Larisa Heiphetz, Nina Strohminger, Susan A. Gelman, and Liane L. Young
Forthcoming: Journal of Experimental and Social Psychology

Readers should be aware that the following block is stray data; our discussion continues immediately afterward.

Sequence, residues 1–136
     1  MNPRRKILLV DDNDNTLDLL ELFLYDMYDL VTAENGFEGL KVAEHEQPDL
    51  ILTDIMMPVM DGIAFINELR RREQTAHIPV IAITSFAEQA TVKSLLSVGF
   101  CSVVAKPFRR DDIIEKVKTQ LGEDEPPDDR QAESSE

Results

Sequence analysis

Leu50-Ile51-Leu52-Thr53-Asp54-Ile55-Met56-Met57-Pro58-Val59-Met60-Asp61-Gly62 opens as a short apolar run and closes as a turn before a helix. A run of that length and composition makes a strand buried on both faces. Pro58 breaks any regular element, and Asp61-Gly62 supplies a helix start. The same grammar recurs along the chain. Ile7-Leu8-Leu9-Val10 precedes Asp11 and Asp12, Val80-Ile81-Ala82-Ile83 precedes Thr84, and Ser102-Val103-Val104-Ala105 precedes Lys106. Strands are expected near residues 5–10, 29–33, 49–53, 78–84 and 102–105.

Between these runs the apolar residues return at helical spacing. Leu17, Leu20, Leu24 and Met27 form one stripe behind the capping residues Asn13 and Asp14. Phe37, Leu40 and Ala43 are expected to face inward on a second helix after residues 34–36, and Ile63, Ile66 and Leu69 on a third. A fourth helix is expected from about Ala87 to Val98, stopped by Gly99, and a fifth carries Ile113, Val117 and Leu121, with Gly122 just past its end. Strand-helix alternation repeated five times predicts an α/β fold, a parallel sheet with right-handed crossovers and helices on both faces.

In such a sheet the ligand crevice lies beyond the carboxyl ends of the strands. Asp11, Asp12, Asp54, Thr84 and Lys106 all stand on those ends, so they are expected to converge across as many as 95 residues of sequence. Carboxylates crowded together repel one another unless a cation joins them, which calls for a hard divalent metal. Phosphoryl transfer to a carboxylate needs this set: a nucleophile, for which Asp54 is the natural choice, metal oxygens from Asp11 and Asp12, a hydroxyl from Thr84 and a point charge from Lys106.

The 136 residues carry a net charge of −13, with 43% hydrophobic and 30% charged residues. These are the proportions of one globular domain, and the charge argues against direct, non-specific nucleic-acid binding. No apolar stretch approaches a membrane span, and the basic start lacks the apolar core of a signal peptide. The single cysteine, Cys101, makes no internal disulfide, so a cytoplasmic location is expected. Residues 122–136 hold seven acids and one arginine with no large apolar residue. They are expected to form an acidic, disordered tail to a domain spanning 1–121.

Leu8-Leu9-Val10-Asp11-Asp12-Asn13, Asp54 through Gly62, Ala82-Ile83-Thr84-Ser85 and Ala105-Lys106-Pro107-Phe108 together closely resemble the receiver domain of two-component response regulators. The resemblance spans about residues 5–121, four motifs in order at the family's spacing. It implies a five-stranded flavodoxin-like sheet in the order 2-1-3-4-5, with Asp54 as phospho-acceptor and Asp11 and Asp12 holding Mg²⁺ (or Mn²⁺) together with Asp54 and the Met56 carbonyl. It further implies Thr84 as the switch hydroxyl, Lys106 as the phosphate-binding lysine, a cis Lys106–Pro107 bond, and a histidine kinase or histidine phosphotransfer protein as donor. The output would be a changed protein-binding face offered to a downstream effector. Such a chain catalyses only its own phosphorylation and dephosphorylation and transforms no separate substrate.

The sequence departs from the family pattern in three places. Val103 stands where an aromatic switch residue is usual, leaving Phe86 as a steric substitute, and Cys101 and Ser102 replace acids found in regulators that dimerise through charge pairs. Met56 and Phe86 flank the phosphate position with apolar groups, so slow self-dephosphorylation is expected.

Adults report that moral characteristics—particularly widely shared moral beliefs—are central to identity. This perception appears driven by the view that changes to widely shared moral beliefs would alter friendships and that this change in social relationships would, in turn, alter an individual’s personal identity. Because reasoning about identity changes substantially during adolescence, the current work tested pre- and post-adolescents to reveal the role that such changes could play in moral cognition. Experiment 1 showed that 8- to 10-year-olds, like adults, judged that people would change more after changes to their widely shared moral beliefs (e.g., whether hitting is wrong) than after changes to controversial moral beliefs (e.g., whether telling prosocial lies is wrong). Following up on this basic effect, a second experiment examined whether participants regard all changes to widely shared moral beliefs as equally impactful. Adults, but not children, reported that individuals would change more if their good moral beliefs (e.g., it is not okay to hit) transformed into bad moral beliefs (e.g., it is okay to hit) than if the opposite change occurred. This difference in adults was mediated by perceptions of how much changes to each type of belief would alter friendships. We discuss implications for moral judgment and social cognitive development.
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